Prior to the Easter attacks, the purchasing department had taken a decision to absorb price differences in order to promote small vendors, particularly importers. However, in the aftermath, with tourist numbers dwindling fast and the scale of purchases dropping, the company has decided to postpone its implementation.

“Providing equal opportunities to small-time suppliers and helping them establish themselves in the market is one of our key focus areas”

Innovation in purchasing

With the same motivation, to encourage small local vendors to enter the market, Jayawardena initiated a programme to provide advice on improving quality standards. These programmes are held annually after carrying out an independent suppliers audit across the Cinnamon leisure sector. Due to the limited number of auditors available in Sri Lanka, the audits are carried out in city hotels from January to March, and from April to June at the seven resorts. Subsequent to the audit, the purchasing team provides non-financial advice on their shortcomings for those who have room for improvement. The programme, which was introduced three years ago, monitors the progress of vendors for a period of two years.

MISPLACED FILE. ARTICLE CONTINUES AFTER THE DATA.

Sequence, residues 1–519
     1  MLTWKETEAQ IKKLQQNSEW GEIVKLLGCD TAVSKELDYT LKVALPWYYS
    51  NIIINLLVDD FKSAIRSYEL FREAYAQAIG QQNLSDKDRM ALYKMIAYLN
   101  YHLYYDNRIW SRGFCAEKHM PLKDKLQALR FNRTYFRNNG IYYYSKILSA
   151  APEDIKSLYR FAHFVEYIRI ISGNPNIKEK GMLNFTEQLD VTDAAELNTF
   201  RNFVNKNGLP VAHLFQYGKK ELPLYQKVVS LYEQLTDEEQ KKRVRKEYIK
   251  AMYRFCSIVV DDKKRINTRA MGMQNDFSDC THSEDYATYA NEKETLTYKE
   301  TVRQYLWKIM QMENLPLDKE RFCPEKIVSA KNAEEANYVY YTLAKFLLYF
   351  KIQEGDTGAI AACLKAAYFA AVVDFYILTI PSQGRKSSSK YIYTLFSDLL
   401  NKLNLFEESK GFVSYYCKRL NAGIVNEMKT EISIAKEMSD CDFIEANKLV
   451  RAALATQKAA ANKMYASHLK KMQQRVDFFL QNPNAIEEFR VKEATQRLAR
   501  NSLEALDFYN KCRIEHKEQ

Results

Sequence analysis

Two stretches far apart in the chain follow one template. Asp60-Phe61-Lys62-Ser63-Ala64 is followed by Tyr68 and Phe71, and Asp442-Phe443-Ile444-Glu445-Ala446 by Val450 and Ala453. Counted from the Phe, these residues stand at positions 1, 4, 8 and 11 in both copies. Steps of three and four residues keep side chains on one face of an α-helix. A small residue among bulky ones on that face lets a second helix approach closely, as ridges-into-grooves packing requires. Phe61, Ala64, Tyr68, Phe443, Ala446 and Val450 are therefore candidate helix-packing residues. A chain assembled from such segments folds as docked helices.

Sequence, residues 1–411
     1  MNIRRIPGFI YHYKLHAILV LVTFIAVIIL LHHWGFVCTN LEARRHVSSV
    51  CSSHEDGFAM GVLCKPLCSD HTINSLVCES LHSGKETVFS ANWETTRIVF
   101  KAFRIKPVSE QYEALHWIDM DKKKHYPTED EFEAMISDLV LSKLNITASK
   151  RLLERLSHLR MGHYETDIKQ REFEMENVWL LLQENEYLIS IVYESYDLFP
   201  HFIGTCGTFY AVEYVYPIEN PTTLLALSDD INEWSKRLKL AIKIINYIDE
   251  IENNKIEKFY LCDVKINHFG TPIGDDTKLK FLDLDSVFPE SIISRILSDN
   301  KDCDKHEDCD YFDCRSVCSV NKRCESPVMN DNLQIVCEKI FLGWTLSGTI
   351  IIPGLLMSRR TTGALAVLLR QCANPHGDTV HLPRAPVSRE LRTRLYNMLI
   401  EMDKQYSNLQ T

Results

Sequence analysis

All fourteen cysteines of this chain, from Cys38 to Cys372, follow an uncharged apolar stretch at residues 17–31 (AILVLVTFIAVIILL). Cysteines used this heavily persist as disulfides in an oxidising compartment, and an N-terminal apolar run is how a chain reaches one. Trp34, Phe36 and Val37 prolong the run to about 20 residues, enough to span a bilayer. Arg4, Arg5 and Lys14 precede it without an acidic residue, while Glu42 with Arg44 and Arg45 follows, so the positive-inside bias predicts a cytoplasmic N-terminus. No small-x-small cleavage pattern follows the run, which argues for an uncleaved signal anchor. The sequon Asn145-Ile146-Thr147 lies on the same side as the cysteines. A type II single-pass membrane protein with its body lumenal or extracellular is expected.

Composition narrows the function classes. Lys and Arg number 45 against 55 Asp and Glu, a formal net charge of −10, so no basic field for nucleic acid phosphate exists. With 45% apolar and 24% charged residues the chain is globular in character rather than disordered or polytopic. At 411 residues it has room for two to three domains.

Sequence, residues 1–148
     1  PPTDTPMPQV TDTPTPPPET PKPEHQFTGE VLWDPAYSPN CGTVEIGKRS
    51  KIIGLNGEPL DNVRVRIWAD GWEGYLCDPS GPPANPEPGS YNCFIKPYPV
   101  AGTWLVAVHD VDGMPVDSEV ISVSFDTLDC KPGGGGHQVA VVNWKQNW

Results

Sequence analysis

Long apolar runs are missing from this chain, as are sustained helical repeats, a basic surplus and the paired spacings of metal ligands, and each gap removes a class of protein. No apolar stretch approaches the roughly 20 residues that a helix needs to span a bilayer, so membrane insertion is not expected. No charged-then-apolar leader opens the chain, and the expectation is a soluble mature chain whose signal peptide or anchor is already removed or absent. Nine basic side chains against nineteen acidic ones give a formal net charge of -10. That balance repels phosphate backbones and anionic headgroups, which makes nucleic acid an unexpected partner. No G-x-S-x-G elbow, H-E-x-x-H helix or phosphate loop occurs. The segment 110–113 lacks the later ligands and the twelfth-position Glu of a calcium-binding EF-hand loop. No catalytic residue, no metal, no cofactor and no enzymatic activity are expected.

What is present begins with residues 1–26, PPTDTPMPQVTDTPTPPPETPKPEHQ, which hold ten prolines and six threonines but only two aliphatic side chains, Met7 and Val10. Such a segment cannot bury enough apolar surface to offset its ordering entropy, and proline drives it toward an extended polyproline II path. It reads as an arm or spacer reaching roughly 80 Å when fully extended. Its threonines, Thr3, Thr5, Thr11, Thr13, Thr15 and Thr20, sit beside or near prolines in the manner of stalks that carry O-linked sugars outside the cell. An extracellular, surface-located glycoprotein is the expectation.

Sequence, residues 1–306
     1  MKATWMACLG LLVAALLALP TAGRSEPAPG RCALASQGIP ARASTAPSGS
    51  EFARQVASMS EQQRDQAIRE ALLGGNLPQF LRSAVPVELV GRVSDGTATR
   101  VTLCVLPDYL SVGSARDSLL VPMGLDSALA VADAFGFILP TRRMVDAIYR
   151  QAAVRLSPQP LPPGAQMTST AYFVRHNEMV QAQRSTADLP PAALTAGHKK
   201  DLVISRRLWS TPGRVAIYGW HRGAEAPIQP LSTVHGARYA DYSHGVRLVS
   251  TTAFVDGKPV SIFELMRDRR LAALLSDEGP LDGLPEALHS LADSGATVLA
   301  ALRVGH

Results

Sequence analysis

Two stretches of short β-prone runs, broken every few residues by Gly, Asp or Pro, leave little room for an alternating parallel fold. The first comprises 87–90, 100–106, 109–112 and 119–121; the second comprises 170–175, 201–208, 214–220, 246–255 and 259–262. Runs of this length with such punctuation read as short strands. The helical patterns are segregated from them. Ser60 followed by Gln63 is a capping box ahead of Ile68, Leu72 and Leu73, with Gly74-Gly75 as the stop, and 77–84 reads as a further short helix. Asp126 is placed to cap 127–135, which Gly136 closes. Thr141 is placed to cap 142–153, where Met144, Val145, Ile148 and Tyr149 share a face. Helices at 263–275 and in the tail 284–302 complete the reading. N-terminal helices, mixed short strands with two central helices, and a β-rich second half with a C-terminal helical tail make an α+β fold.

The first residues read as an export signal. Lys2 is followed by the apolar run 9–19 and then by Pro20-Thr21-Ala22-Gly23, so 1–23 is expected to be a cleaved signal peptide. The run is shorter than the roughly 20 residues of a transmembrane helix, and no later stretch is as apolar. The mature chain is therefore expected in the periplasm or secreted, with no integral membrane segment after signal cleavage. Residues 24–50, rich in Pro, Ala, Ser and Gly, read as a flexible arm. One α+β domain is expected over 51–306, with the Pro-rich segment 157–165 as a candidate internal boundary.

“These programmes have been very useful for small-time vendors. I have seen many of them improve the quality of their products and compete in the market alongside some of the bigger suppliers,” Jayawardena says.

Trusting that the supplier always provides the approved quality is another common mistake made in the industry. Despite having pre-approved the quality of products, vendors still tend to deliver subpar items, more often for large scale orders. To mitigate this malpractice, Jayawardena and her team carry out random spot checks at the hotels. In addition, she signs a performance bond with large scale suppliers, with the exception of those who provide perishables such as vegetables and fruits, which provides a safety net for buyers, who are able to recover damages in the event of shortfalls or quality issues.

Undaunted by new challenges that lie ahead, Jayawardena has 100% confidence in her team and is determined to ensure that their ethical business practices are recognised internationally over the next two years.

Hospitality Insider Issue 4